cesium14 wrote:In middle school things get better. Just keep an eye on the bullies and it's fine. The class ends at 5pm, so we don't get much free time. In high school, the teachers and the rules go the exactly opposite way. Teachers simply don't care about students as long as the class is over. On the other hand classes end at 9pm(some places 10pm), this surely can be called rigorous.

...that sounds like way too much school time. When it start?


We begin our elementary school at 6yo. Middle school 12yo and high school 15yo. So we enter college just at 18.

I meant, if high school classes end at 9 pm, when do they start? Noon? 5 pm? 8 am?
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Re: The Foreigners' Guide To Chinese Culture

Postby hyunchoi98 » Wed Jul 18, 2012 2:45 am UTC

Hi, I'm (south) korean and I was wondering how chinese people think about korea (both north and south) and their relations.

I have to say, koreans don't think very highly of chinese people, for some reason.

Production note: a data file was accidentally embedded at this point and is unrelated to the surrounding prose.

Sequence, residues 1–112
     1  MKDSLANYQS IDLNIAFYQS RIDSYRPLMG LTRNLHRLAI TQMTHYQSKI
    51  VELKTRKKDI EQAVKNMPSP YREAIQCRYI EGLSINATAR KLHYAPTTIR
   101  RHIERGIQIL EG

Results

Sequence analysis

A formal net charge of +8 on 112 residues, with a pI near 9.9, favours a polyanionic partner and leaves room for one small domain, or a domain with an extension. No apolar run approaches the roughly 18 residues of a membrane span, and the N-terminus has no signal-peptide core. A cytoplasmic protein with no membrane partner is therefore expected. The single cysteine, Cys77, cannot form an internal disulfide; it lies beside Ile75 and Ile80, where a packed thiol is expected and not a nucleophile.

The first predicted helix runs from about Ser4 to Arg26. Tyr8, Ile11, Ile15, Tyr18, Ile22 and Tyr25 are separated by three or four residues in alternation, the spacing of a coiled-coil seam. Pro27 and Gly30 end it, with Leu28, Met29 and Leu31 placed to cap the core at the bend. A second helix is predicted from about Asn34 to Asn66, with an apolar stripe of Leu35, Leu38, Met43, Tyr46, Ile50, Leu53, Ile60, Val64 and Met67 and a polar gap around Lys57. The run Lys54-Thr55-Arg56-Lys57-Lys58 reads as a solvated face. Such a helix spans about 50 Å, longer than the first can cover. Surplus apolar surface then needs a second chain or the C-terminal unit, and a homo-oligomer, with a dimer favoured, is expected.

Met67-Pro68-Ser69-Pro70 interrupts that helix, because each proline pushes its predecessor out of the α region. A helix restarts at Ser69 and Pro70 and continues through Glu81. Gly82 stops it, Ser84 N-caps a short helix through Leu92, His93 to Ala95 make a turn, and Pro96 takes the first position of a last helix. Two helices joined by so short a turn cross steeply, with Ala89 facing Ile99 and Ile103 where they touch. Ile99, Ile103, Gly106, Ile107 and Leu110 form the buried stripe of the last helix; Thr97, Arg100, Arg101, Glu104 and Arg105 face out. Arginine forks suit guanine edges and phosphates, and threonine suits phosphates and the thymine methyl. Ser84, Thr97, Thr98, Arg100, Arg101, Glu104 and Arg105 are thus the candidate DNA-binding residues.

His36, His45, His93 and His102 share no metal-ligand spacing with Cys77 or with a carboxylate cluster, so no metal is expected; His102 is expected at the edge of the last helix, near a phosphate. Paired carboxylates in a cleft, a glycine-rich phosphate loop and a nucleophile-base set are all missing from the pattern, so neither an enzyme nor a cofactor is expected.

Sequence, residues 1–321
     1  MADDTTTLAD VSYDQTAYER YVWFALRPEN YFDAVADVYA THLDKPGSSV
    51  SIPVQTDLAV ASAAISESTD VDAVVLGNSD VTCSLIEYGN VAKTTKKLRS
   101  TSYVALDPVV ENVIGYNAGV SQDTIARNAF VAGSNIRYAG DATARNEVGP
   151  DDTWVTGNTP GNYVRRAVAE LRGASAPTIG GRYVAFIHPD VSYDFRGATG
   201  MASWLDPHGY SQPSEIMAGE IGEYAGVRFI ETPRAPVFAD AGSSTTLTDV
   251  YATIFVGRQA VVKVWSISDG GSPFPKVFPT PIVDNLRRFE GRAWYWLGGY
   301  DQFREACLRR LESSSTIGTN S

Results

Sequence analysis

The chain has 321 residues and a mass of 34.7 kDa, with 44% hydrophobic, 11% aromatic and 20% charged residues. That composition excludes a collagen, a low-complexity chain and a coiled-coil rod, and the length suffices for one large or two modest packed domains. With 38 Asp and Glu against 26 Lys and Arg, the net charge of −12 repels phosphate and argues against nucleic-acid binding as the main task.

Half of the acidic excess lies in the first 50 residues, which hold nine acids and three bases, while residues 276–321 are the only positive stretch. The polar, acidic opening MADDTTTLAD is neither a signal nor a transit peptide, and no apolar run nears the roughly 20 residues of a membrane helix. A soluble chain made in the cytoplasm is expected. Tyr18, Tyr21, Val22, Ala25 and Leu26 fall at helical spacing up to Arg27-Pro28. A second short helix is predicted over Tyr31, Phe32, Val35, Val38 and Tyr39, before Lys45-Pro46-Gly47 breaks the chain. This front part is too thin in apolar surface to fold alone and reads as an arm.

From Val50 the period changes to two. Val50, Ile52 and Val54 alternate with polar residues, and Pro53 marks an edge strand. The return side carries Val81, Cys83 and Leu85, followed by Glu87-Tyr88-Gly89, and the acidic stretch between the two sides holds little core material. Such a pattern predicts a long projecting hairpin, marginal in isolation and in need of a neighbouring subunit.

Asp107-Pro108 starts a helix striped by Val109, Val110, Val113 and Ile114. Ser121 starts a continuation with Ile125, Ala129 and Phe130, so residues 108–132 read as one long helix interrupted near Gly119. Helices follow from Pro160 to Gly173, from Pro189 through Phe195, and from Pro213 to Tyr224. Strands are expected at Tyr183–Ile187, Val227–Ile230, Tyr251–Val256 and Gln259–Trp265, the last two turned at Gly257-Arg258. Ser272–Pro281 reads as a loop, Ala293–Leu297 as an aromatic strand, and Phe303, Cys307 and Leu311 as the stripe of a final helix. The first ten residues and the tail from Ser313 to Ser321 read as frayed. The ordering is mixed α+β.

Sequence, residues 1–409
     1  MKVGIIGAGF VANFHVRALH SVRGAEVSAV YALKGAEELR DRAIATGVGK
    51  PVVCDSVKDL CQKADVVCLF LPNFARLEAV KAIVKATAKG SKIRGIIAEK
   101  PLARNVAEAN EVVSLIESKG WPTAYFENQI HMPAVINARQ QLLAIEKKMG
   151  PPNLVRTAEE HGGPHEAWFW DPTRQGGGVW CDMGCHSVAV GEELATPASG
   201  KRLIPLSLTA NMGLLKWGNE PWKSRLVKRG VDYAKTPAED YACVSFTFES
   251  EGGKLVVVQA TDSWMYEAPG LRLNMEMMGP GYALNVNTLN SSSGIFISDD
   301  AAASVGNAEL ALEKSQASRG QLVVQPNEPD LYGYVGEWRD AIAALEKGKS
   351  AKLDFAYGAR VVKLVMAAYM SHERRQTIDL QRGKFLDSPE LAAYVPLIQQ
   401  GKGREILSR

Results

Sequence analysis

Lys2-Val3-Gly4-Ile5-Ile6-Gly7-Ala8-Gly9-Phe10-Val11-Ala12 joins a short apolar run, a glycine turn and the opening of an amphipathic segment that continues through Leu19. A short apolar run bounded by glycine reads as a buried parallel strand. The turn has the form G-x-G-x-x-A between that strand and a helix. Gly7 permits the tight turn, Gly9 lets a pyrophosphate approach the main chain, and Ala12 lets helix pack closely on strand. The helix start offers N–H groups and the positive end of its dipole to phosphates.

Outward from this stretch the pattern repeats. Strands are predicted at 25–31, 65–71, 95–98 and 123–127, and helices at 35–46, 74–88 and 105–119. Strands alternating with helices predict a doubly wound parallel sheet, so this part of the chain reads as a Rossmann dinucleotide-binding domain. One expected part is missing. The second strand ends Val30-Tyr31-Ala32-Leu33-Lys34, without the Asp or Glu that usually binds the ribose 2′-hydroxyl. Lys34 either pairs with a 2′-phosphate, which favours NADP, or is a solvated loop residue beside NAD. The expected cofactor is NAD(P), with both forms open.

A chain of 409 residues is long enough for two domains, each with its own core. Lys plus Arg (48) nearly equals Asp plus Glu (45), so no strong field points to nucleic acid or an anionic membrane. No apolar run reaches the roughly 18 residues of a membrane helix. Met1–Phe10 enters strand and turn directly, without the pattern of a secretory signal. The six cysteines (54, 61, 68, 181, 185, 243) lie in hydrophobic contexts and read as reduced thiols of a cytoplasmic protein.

I think that's complete nonsense in this global world.

Anyway, thanks!

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Re: The Foreigners' Guide To Chinese Culture

Postby cesium14 » Wed Jul 18, 2012 2:56 am UTC

Роберт wrote:
cesium14 wrote:
Роберт wrote:
cesium14 wrote:In middle school things get better. Just keep an eye on the bullies and it's fine. The class ends at 5pm, so we don't get much free time. In high school, the teachers and the rules go the exactly opposite way. Teachers simply don't care about students as long as the class is over. On the other hand classes end at 9pm(some places 10pm), this surely can be called rigorous.

...that sounds like way too much school time. When it start?


We begin our elementary school at 6yo. Middle school 12yo and high school 15yo. So we enter college just at 18.

I meant, if high school classes end at 9 pm, when do they start? Noon? 5 pm? 8 am?


Ah,srry i got you wrong. Typically it begins at 7:30. The lunch break is from 12:00 to 1:20.

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Re: The Foreigners' Guide To Chinese Culture

Postby cesium14 » Fri Jul 20, 2012 2:44 am UTC

hyunchoi98 wrote:Hi, I'm (south) korean and I was wondering how chinese people think about korea (both north and south) and their relations.

I have to say, koreans don't think very highly of chinese people, for some reason.
I think that's complete nonsense in this global world.

Anyway, thanks!


Opinions differ greatly from people to people in China.

Some people, especially teenagers, are crazy about Korean stars. They have posters all over their rooms and literally don't talk about anything else.